• Thank you for the motivation, but seriously, can’t you send it express?

      I’m motivated, and working on a solution (spreadsheet!). Now all he has to do is find the motivation to follow directions. *fingers crossed* :)

  3. I’m not sure where to begin because I’m all wrapped in feelin’ ya, ya know? I have been beaten over the head to “live in the moment,” etc, etc, and while it’s a wonderful philosophy, as you’ve pointed out, it really only applies if the current moment is acceptable. If it isn’t, then you’re kinda screwed.

    I can live in the moment with TN because generally speaking, I get what I need from him. I struggle with it when I don’t. It’s a simple equation, though I’ve never laid it out like that to him before.

    So, be it you have a week or a year after, none of it can be predicted; nothing you do today will affect the ultimate outcome of his departure (that makes me incredibly sad to write, btw). I say, do what brings you the most pleasure now *because* you don’t know when it will end.

    I’m not one to give advice (though I just kinda did). I just want to say I feel like I really get this. It’s what I do due to “the nature of my relationship” and it seems to plug the holes well enough to keep us afloat until we are due to sink.

    I’m sorry you’re having to wrestle with this and wish you a speedy solution. xx Hy

  4. Because my husband and I don’t see each other often, we hardly argue. It seems like a waste of time when time is so precious in person. And so I believe we each focus on the happy, positive sides. But we most assuredly tackle the not fun stuff, mostly by texts. While not ideal (and I don’t like him nearly as much when he’s absent), the texting gives us time to think, write, erase, write, erase, think, write, clarify, before responding. If we were in person discussing this, we would let the emotions of the moment get to us and get carried away, or we would avoid/distract with sex.

    Every couple is so vastly different. You wanting to concentrate on the happy, and avoiding the talking, really suggests that you want to ride this out until you simply can’t. I hope you find a solution together with him that you both find easy to your unique personalities.

  5. This really strikes a chord with me.

    The Gentleman and I were close friends before we entered into a relationship so in one respect we have the advantage of knowing each other well right from the beginning. In fact I would go so far as to say that is probably the only reason we have made it this far!

    We each entered into what we imagined would be a fun and short lived encounter and as you say, in the interests of enjoying it for what it was, found ourselves letting things go that perhaps we should not have, or feeling slightly frustrated with each other. We both had some hard lessons to learn about effective communication! But in what we believed to be a short term affair we didn’t really have the time. Eventually avoidance of issues blew up into a horrendous argument. albeit one which also led to us admitting that we actually loved each other. (The most terrifying day I have had in a very very long time!)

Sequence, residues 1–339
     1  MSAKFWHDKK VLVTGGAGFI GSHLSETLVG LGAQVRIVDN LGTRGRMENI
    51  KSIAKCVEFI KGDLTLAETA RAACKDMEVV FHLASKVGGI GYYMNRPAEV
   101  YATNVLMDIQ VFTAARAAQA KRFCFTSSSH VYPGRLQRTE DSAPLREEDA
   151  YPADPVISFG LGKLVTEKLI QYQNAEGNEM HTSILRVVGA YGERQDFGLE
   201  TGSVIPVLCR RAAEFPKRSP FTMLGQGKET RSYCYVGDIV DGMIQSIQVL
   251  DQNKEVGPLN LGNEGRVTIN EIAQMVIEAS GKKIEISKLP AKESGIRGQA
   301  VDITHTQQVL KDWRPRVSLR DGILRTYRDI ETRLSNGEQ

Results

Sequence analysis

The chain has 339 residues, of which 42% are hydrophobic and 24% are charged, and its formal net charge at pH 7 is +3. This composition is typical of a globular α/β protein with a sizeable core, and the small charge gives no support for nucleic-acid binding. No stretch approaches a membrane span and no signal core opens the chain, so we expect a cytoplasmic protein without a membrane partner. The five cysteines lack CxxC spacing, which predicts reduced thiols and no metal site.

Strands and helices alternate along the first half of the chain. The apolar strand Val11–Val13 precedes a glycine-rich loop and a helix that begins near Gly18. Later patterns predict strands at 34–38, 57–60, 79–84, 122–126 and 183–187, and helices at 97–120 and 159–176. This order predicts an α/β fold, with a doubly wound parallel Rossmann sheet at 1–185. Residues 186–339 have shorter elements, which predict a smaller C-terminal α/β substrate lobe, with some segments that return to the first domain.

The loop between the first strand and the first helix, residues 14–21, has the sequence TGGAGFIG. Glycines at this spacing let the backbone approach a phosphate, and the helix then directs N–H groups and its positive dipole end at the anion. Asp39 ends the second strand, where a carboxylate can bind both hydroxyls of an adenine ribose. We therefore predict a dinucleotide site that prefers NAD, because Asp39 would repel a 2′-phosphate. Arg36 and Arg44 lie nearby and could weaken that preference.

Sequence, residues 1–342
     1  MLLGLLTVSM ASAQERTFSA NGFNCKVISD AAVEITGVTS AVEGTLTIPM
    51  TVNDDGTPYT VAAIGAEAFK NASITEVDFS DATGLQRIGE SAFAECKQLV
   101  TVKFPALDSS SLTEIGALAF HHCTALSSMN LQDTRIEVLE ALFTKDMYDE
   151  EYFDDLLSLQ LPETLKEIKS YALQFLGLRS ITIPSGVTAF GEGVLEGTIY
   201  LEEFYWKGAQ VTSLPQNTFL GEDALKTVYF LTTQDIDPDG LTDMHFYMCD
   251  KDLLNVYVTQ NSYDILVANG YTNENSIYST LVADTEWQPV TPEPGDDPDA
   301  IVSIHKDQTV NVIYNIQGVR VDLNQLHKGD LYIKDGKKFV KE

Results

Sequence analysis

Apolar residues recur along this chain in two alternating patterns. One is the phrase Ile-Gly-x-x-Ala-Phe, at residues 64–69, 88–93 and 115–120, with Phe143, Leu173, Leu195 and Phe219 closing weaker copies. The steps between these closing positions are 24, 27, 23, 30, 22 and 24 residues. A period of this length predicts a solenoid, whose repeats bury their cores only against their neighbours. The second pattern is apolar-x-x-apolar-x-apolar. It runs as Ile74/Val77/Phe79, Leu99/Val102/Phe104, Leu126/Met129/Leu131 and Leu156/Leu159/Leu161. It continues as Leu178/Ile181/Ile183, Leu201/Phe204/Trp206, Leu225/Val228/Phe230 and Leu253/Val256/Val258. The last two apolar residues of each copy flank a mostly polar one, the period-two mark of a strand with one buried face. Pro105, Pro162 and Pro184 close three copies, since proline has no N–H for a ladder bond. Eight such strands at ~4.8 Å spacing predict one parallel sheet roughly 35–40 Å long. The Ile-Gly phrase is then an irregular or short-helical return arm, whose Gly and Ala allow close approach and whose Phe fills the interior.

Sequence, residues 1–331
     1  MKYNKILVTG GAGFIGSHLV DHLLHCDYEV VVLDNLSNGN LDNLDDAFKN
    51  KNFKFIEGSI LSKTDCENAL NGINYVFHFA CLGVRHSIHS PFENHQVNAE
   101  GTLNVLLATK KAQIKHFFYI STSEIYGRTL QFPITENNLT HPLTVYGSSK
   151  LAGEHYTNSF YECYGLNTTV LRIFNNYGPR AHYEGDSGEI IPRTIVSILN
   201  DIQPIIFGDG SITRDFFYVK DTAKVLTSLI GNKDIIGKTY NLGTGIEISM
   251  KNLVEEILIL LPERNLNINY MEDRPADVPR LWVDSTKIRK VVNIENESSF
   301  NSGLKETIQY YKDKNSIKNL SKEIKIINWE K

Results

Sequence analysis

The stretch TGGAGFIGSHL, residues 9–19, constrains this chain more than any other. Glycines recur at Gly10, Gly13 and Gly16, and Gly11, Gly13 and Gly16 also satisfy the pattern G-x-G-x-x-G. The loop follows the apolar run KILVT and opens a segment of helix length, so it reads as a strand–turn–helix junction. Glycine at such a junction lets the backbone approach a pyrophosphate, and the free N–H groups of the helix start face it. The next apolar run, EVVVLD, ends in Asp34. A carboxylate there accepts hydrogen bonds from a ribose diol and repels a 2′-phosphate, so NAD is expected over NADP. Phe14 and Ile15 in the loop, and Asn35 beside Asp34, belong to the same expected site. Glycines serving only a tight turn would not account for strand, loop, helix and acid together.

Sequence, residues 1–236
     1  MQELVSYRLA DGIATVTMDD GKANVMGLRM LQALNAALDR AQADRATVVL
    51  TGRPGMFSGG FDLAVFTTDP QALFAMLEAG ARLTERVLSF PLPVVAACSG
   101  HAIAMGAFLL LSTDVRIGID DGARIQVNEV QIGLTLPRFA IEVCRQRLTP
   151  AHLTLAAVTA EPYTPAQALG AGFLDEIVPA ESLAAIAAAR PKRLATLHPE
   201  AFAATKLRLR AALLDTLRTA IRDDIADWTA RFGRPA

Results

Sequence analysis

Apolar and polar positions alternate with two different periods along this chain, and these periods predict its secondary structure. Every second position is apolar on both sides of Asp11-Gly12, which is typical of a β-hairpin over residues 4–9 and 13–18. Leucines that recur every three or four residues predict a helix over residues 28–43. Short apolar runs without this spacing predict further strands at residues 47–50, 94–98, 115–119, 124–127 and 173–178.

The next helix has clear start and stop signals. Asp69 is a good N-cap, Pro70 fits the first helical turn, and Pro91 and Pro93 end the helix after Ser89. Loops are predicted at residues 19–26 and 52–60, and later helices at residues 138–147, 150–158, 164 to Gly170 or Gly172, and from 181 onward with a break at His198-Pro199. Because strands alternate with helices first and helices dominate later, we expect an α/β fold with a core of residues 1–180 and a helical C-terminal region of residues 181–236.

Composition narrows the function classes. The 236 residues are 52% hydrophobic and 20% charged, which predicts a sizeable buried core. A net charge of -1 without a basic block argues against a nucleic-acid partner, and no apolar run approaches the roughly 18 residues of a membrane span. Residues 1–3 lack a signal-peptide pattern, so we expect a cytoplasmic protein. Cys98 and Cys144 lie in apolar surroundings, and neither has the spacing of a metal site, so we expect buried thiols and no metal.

It has now been two years. And the dynamic of the relationship has altered completely. It is, now, an actual relationship. One we have invested two years of our lives into, even though we too cannot see each other often.

    I am not, like you, struggling with the prospect of being forced to lose him forever at a currently undisclosed time. I do worry that career and long term plans might drag us from each other eventually.

    The communication lesson I have learned that does help us deal with things without too much disruption to our relationship and enjoyment of each other is to very calmly and honestly deal with the small things whilst they are still small things. Not to let them become big bad scary and difficult to solve issues. Its a hell of a lot easier to have one quick conversation about a little thing, then move on from that and carry on enjoying each other, than to deal with the mess of letting things get out of hand.

    It would appear that The Gentleman and I are in it for the long haul, even if that means changing some of our plans slightly in order to accommodate each other. (SCARY!) But even if that were not the case, I will always be grateful to have learned from him the virtue of dealing with things quickly and calmly straight away.

    • What a sweet story!

      I’m glad to hear that you figured things out and glad to hear that your relationship is better than ever! Communication is key — you’re 100% right on that.

      For my part, I’m working to pay attention when things do bother me (even little ones) and forcing myself to say something, even when I don’t want to (I’d rather have fun and not bring us down with silly little things).

      Of course, I’m a major work in progress. Whatever issues we have are at least half my fault — I’m stubborn and generally self-centered. But… I’m working on it! It’s slow going… but it’s going…

      Thanks for the comment! :)

  6. I have far too much sympathy with this situation. Not wanting to spoil the moment or lose the pleasure that there is ‘now’ there are things I will not say because I don’t want to break my relationship and I don’t have certainty that it would survive an attempt to work it out, I don’t even know that the other person would try.

    I know that’s wrong. It takes more courage than I have to change things. I’m glad you’re trying to find ways to work things out. I wish you every success and happiness.

    Faile x

    • I’m sorry that you identify with my situation! As you know, it sucks, and it’s our own fault.

      It’s a lot of not-knowing myself, or him, and it’s a lot of insecurities and impatience. I do the best I can, hope he does the same, and hope for the best.

      Thanks for the well-wishes, Faile. I wish the same for you. :)